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In her message, Canada's Haitian-born governor general wished the new President success and hoped his presidency would spread the message of hope beyond his country.
She said the dream of Martin Luther King "helped to pave the way for an African American to take office in the White House today".
The Governor General said the inauguration of Barack Obama "is a historic moment that we are joyfully celebrating because although this event is taking place in the land of our partners, our neighbours and friends to the south, it is filled with symbolic meaning on a global scale".
"A new page in the history of civilizations is being written before our very eyes, fulfilling the wishes of so many youths, women and men, from every background and every creed, to see our world become more just and more human," she added.
"In these times, when the most fragile among us are threatened by an uncertain economy, by the folly of war and the tension born of prejudice, let us all rejoice in the wave of hope that is filling our hearts.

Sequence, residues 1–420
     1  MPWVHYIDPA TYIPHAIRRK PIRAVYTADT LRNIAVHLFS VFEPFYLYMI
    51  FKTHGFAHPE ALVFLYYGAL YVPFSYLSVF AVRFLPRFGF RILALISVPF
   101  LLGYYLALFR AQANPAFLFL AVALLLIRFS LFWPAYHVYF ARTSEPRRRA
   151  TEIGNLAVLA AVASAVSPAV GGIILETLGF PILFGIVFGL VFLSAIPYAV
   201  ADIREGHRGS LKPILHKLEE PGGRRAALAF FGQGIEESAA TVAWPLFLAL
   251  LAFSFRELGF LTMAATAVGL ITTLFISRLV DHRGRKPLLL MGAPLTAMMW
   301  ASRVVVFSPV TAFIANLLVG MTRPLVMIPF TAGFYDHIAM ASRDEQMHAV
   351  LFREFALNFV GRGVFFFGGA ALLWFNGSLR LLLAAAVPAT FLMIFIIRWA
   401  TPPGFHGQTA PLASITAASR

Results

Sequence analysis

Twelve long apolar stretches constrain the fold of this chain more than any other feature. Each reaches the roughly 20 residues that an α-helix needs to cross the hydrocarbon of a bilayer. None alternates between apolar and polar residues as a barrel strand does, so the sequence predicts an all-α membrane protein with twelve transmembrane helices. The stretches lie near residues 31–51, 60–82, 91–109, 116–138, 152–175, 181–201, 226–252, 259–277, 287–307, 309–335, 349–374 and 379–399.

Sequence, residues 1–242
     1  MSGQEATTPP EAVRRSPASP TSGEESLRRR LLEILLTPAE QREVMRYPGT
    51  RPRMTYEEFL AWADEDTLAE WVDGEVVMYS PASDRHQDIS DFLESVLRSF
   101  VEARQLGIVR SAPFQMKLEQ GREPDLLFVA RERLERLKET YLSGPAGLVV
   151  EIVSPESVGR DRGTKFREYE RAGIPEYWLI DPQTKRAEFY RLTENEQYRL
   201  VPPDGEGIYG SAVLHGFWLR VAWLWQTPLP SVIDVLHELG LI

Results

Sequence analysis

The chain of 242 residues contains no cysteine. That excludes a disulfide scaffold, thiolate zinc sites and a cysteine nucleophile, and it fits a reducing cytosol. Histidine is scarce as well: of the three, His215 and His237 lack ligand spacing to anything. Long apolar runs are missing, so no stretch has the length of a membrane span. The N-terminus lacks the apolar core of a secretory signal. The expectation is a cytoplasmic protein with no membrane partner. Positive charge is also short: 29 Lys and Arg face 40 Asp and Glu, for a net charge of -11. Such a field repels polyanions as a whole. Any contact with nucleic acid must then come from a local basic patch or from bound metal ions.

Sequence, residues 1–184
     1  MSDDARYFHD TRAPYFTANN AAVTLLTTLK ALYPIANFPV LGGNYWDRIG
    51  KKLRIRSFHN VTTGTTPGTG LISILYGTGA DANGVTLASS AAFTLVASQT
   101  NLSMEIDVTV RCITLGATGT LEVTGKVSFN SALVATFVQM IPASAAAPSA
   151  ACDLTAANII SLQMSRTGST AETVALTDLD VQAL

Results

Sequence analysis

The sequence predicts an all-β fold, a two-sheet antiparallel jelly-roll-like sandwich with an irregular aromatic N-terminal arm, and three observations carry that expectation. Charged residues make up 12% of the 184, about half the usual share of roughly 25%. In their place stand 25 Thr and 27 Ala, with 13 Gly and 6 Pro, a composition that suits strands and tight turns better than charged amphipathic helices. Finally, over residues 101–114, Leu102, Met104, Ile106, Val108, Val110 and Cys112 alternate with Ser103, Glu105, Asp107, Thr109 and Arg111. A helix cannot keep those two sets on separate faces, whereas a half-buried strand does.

"It is the hope for a world where human beings will at last find their place at the centre of the systems they have created to make life the most wondrous of adventures," Jean said.
Prime Minister Stephen Harper called Obama's oath a historic day for the US and the world and sent his "heartfelt" greetings to the new President.
Symbolising the special relationship between the two neighbours, which share a 6,000 km land border and carry out $600 billion annual trade, Obama has chosen Canada as the country for his first visit abroad as a President.
"We are thrilled that Canada will soon welcome him here during his first official foreign visit," the Governor General said.